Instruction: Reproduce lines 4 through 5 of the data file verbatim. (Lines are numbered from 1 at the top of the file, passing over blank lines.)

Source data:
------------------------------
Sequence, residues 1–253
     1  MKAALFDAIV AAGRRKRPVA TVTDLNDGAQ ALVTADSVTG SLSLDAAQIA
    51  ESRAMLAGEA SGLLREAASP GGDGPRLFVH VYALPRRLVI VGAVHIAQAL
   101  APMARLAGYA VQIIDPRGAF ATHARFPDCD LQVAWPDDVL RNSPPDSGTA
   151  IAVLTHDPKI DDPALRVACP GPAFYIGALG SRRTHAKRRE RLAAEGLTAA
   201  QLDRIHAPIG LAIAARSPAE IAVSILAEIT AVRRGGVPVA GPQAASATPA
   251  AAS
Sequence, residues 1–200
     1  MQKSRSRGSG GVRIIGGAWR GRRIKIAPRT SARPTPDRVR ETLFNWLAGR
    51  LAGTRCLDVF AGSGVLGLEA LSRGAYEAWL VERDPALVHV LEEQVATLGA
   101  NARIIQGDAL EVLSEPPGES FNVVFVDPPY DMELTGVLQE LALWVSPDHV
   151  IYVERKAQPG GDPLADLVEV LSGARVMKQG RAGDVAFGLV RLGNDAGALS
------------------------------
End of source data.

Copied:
   101  APMARLAGYA VQIIDPRGAF ATHARFPDCD LQVAWPDDVL RNSPPDSGTA
   151  IAVLTHDPKI DDPALRVACP GPAFYIGALG SRRTHAKRRE RLAAEGLTAA